Nothing says refined like a fancy coffee table book to add that perfect touch to your living room. Depending on what it is, it can say a lot about your interests, your style, and overall eye for design. For instance, if you want to impress your guests and show off your good taste, a renown photography coffee table book can go a long way. Or perhaps you just bought a new coffee table and you need something to put on it. Maybe you don't care about all of this; you just want a cool coffee table book. Whatever the case, you can get some great ideas here with this list of the best coffee table books ever. From classics like Robert Frank's The Americans to something a little less specific like National Geographic: The Photographs, there are some great coffee table books right here.
Whether you're looking to add a cool touch to your living room or just love big books full of pictures, you'll get some great ideas below. Of course, be sure to vote up your favorite coffee table books and vote others down if you feel they're overrated, too common, or anything of the sort.
This collection, a 70-year retrospective, presents a history in photos, highlighting the most famous, moving, and beautiful pictures from the magazine, including classics by Alfred Eisenstaedt, Dorothea Lange, Margaret Bourke-White, and Irving Penn. Divided into sections covering the presidency, Hollywood, war, science and nature, culture, sport, and "fun," this volume packs in a huge assortment of subjects and emotions.
Of particular interest is the chapter of "Photo Essays," a pioneering Life feature that revolutionized the field of photojournalism, capturing stories through image sequences and small blurbs; included are provocative stories, such as the plight of German refugees in 1945, Heroin use in the '60s, and Larry Burrows' intimate portrait of the Vietnam War, which has been called "the greatest photo essay ever made."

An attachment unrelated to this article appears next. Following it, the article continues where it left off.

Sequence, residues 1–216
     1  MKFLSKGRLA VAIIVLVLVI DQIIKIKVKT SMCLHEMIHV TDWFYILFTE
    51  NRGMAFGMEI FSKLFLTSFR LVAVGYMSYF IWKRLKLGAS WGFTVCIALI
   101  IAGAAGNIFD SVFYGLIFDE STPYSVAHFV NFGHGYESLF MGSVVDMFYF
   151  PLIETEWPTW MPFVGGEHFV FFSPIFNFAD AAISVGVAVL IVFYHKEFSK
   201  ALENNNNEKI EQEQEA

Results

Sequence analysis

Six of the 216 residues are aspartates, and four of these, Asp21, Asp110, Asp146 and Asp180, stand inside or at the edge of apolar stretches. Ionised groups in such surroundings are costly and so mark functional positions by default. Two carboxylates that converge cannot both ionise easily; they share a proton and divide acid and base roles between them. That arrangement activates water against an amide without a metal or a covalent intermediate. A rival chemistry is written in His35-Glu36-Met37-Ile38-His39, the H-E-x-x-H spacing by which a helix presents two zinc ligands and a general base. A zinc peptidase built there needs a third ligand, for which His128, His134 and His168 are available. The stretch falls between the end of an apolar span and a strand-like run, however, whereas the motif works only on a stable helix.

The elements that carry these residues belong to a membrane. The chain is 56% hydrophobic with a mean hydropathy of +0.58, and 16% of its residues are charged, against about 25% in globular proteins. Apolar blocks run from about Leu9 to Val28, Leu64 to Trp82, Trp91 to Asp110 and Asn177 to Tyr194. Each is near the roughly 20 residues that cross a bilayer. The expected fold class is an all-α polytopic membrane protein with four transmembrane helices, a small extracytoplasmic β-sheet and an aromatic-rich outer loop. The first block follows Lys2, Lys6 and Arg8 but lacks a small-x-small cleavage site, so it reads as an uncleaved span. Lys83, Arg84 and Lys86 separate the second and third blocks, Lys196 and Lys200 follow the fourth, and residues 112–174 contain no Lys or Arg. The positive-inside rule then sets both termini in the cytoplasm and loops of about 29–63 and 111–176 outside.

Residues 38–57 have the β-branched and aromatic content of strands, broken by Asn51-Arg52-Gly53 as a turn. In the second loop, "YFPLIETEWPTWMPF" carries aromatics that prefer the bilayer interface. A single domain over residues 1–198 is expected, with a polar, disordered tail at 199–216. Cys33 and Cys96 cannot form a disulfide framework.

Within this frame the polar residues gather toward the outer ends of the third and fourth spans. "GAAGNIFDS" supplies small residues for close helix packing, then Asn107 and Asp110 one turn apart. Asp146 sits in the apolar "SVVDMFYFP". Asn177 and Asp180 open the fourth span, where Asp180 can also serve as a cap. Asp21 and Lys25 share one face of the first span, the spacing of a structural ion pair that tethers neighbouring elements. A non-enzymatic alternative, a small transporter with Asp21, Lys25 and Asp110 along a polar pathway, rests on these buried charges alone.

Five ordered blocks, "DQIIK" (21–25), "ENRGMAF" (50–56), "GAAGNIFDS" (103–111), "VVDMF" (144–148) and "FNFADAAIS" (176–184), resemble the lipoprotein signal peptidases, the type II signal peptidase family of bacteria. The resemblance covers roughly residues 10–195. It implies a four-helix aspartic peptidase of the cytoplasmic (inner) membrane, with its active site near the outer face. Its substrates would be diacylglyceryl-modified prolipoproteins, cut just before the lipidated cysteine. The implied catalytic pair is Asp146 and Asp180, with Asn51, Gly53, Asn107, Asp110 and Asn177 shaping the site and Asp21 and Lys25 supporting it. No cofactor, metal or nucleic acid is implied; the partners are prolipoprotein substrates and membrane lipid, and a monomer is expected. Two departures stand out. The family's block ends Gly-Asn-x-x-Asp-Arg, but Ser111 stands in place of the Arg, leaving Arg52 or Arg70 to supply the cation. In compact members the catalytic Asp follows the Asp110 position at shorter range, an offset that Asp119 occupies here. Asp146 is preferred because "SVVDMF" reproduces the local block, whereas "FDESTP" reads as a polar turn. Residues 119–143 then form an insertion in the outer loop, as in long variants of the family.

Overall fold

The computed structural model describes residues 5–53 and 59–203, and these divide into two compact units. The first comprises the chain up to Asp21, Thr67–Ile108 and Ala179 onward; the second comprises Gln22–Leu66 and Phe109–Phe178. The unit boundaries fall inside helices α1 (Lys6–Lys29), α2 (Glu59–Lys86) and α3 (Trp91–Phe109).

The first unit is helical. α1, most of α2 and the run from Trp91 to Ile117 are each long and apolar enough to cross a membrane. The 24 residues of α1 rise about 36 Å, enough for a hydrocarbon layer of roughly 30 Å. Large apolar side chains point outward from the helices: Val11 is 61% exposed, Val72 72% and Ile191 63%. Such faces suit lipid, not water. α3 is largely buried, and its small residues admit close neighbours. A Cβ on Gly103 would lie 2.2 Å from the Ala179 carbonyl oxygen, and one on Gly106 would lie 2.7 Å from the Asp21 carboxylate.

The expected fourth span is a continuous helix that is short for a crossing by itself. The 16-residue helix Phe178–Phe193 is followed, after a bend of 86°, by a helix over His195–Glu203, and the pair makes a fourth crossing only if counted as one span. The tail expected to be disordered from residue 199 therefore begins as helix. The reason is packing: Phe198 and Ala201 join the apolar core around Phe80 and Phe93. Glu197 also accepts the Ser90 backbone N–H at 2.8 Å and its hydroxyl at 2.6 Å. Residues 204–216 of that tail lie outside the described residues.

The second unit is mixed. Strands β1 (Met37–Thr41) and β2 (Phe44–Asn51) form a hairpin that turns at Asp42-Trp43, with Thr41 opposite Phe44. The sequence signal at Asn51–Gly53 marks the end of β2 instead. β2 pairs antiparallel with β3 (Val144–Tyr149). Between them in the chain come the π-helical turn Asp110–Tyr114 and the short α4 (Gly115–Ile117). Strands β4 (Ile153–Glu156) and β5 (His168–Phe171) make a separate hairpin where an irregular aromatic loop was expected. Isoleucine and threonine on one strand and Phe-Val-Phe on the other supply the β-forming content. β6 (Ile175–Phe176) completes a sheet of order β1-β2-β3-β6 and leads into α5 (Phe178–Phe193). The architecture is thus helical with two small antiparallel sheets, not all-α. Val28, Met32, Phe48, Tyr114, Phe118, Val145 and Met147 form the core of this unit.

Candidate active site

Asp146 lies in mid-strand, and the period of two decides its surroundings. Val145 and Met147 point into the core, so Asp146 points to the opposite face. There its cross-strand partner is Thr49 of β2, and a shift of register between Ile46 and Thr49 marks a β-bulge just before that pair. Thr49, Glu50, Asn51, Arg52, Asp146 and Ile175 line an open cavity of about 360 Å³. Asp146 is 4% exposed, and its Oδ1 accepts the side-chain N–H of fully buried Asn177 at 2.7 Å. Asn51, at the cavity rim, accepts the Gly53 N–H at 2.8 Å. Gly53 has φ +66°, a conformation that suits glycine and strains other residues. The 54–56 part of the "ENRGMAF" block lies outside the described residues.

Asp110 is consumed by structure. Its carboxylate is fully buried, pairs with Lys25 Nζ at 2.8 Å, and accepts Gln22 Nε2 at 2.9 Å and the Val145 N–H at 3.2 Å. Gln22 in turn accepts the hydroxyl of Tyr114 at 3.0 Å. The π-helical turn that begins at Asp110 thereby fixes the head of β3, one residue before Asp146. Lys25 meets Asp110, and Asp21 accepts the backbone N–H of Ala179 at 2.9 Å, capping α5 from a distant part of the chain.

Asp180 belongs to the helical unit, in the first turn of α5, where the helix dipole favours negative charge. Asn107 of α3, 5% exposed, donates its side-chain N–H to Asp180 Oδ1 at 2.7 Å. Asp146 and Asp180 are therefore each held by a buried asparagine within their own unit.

ANSEL ADAMS: 400 PHOTOGRAPHS presents the full spectrum of Adams' work in a single volume for the first time, offering the largest available compilation from his legendary photographic career. Beautifully produced and presented in an attractive landscape trim, ANSEL ADAMS: 400 PHOTOGRAPHS will appeal to a general gift-book audience as well as Adams' legions of dedicated fans and students. The photographs are arranged chronologically into five major periods, from his first photographs, taken in Yosemite and the High Sierra in 1916, to his work in the National Parks in the 1940s, up to his last important photographs from the 1960s.
An introduction and brief essays on selected images provide information about Adams' life, document the evolution of his technique, and give voice to his artistic vision. Few artists of any era can claim to have produced four hundred images of lasting beauty and significance. It is a testament to Adams' vision and lifetime of hard work that a book of this scale can be compiled. ANSEL ADAMS: 400 PHOTOGRAPHS is a must-have for anyone who appreciates photography and the allure of the natural world.see more on Ansel Adams: 400 Photographs
Armed with a camera and a fresh cache of film and bankrolled by a Guggenheim Foundation grant, Robert Frank crisscrossed the United States during 1955 and 1956. The photographs he brought back form a portrait of the country at the time and hint at its future. He saw the hope of the future in the faces of a couple at city hall in Reno, Nevada, and the despair of the present in a grimy roofscape. He saw the roiling racial tension, glamour, and beauty, and, perhaps because Frank himself was on the road, he was particularly attuned to Americans' love for cars.
Funeral-goers lean against a shiny sedan, lovers kiss on a beach blanket in front of their parked car, young boys perch in the back seat at a drive-in movie. A sports car under a drop cloth is framed by two California palm trees; on the next page, a blanket is draped over a victim's body from a car accident in Arizona.see more on The Americans
Although Norman Rockwell was technically an academic painter, he had the eye of a photographer, and as he became a mature artist, he used this eye to give us a picture of America that was familiar—astonishingly so—and at the same time, unique. Rockwell best expressed this vision of America in his justly famous cover illustrations for magazines, such as The Saturday Evening Post.
332 of these cover paintings, from beloved classics like "Marbles Champion" to lesser-known gems like "Feeding Time," are reproduced in stunning full color in this large-format volume, which is sure to be treasured by art lovers everywhere.